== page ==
- Casting Metal:Opera Studies after Humanism
Among the calls for papers for the 2017 meeting of the Royal Music Association's Music and Philosophy Study Group at King's College London was the following for a themed session on the topic "Musical Nonhumans":
Frustrated with the limitations of late twentieth-century constructionism and hermeneutics, music scholars have recently begun to pay closer attention to the agency and materiality of musical "things." Aspects of the so-called new materialism are now evident in emerging research on the materiality of print sources, instrument technologies and media infrastructures, the material dimensions of subjective properties including identities, bodies and voices, and the ways that various aesthetic objects circulate and exert influence in the musical world. Most, however, treat the concern with musical things as a benign complement to traditional understandings of the musical object and its human use. In spite of increasing efforts in philosophy and media studies to revisit matters of political subjectivity and public formation in light of the material turn, the musicological categories of the human and the nonhuman remain largely undisturbed.1
The claim that musicology has left intact the binary of human and nonhuman is couched with the qualifier "largely." If any fields of musical enquiry might justify this qualifier, they are those associated with music technology, sonic design, and contemporary music theater. The rise in prominence of installation-based performance, for example, has arguably refocused thinking on music by situating it as a sonic object partnered with physical objects and presented within the materially specific environs of venues such as public spaces, museums, and other non-traditional venues. Equally, music theater has long experimented with engagements between human performers and technologies that interact with body, voice, and instruments in ways that challenge conceptions of human subjectivity and the agency of the performer. If we can speak of posthumanism in music scholarship—that is, scholarship that problematizes human exceptionalism—it is to be found in the literature generated through and around these practices.2 It would be easy, though, to exaggerate the impact these perspectives have had on music scholarship more generally, [End Page 77] and the authors of the RMA call for papers are no doubt justified in characterizing the wider field as they do.3
Rebecca Schneider has recently made similar observations with respect to performance and theater studies. She notes the rise and impact of time-based media and performance in galleries and other arts venues, of "curated" events, and even the emergence internationally of the "human book," a person borrowed for conversation and consultation.4 But if she detects the emergence of an important shift in practice, Schneider doubts whether these new conceptions of creative agency and its relationship to things have registered meaningfully in scholarship: "If living humans are not present to a performance themselves, then living humans must hide somewhere in the wings of actions, or be the ones to ultimately bear agential responsibility for the actions of objects or animals or plants Props, computers, projectors, pullies, dollies, light boards, costumes, cameras, and other paraphernalia of (co)production, curation, choreography, and display serve human artists, not the other way around."5 The priorities and biases Schneider identifies in thinking about theater and performance prompt me to ask what "the other way around" might mean for opera studies.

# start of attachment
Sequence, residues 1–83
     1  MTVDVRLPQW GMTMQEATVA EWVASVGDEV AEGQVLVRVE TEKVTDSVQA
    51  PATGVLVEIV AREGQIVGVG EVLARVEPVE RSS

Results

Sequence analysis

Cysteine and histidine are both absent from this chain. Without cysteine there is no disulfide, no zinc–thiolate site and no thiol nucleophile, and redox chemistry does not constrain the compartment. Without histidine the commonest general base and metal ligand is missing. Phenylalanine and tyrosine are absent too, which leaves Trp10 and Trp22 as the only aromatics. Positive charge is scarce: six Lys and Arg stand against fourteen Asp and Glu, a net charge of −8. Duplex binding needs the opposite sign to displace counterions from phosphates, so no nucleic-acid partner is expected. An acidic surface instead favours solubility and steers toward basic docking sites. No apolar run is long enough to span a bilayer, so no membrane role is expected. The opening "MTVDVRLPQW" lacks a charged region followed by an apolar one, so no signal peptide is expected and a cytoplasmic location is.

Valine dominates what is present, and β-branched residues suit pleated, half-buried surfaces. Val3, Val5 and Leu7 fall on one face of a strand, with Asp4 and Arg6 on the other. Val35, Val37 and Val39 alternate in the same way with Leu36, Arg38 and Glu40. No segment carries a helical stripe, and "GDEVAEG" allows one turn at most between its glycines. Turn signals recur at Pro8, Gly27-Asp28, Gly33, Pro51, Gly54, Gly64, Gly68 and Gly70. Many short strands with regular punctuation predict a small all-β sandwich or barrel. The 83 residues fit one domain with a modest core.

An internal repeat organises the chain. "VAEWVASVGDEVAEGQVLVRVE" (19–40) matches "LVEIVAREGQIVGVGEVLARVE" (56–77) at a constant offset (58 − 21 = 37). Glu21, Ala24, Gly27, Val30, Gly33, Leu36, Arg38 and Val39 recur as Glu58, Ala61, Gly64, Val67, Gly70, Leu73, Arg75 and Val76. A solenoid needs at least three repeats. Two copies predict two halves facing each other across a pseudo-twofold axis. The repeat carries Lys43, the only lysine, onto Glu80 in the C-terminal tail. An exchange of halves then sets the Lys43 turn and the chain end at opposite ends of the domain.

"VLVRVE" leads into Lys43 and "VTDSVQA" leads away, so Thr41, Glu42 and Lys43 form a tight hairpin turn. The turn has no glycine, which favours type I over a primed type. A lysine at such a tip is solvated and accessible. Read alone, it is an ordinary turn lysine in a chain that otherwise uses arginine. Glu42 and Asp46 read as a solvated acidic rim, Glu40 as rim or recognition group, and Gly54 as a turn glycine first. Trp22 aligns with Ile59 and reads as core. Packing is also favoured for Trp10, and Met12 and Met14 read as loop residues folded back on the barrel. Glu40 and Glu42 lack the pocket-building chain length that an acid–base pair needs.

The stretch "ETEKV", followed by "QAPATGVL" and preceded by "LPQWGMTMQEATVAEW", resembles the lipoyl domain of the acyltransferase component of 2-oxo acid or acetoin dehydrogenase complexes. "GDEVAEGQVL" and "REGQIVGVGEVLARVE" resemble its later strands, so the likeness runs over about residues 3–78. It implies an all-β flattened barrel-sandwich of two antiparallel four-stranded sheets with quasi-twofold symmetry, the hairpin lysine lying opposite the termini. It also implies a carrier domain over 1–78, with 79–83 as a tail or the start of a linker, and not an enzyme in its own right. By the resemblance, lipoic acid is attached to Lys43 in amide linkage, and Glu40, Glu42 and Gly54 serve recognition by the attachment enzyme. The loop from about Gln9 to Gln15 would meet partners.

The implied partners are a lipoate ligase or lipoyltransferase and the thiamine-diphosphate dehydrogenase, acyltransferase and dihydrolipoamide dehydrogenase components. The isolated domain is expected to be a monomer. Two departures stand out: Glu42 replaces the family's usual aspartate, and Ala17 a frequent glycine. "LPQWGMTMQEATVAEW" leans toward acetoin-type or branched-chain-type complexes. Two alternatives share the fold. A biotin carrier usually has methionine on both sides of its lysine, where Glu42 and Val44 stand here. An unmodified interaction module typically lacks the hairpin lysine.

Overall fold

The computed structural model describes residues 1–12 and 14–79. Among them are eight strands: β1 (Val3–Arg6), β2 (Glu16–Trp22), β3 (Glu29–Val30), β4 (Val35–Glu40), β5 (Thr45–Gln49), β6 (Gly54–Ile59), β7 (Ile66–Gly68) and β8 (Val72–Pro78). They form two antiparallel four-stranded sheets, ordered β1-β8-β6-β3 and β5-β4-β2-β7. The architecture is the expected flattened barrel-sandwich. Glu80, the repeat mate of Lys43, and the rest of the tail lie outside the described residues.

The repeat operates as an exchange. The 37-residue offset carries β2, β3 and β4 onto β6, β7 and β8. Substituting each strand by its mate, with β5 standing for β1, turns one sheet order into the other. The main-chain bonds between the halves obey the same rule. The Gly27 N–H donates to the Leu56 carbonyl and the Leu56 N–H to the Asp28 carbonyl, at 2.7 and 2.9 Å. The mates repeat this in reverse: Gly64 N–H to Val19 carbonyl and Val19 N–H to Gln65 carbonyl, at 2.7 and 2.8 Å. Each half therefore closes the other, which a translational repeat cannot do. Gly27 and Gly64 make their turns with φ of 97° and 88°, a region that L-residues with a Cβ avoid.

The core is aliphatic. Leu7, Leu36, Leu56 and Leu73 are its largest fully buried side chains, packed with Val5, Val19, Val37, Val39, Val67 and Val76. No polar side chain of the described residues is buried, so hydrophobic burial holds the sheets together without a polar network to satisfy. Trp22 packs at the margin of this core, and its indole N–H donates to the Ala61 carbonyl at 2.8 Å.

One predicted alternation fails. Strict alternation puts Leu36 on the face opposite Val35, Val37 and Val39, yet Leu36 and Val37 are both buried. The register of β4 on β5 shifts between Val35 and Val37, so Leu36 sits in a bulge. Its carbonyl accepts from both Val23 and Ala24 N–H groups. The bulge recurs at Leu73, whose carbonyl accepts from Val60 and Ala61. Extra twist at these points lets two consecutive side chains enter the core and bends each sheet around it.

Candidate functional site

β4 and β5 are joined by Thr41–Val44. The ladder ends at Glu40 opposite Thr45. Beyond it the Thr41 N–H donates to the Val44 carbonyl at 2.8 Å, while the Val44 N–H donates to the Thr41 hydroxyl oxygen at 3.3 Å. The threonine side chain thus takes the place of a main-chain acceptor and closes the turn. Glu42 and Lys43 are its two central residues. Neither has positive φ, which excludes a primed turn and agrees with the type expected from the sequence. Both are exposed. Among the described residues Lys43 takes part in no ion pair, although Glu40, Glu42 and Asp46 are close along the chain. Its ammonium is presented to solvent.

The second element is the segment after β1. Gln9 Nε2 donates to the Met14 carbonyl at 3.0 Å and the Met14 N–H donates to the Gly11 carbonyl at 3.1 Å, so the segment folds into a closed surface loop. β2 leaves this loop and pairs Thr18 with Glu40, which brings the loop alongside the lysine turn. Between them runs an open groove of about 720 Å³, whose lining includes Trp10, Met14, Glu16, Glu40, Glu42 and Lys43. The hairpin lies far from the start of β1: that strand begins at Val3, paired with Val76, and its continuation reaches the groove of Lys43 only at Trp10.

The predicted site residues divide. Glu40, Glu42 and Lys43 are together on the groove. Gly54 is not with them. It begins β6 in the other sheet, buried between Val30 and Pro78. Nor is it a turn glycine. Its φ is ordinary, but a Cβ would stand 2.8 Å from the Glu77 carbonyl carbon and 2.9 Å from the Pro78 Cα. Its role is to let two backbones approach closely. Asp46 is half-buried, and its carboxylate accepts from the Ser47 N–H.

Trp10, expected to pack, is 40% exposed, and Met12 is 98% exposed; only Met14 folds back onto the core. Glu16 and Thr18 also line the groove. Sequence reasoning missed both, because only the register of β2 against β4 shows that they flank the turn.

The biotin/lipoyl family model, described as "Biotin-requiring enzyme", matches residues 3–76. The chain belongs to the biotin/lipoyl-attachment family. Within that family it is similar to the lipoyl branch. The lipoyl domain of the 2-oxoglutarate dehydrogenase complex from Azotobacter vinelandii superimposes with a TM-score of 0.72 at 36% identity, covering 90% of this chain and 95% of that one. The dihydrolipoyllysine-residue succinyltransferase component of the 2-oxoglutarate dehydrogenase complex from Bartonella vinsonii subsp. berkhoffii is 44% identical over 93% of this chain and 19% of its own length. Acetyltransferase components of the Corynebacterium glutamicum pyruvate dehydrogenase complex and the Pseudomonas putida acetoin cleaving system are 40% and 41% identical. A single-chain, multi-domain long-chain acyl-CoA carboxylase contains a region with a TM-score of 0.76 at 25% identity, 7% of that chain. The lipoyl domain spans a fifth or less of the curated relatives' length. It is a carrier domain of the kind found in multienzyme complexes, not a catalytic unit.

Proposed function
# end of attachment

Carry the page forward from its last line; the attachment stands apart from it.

Again, a qualification is in order. There is no question that scholars have begun to explore the agential capacity of opera's objects, not least in the pages of this journal, and I will consider the trajectories mapped out by some of this recent work.6 Part of what appears to have motivated this scholarship is a fascination with the abundant, not to say lavish, materiality of operatic practice, of props and sets, of costumes and makeup, of interior surfaces that reflect and absorb sound and light, of mouths, limbs, lungs, and vocal cords. What binds the gesturing arms of singers in Mary Ann Smart's Mimomania (2004) with the singing mouth shaped into an "O" in Lawrence Kramer's Opera and Modern Culture (2007) and with the embodied performance and spectatorship as presented in Linda and Michael Hutcheons's Bodily Charm: Living...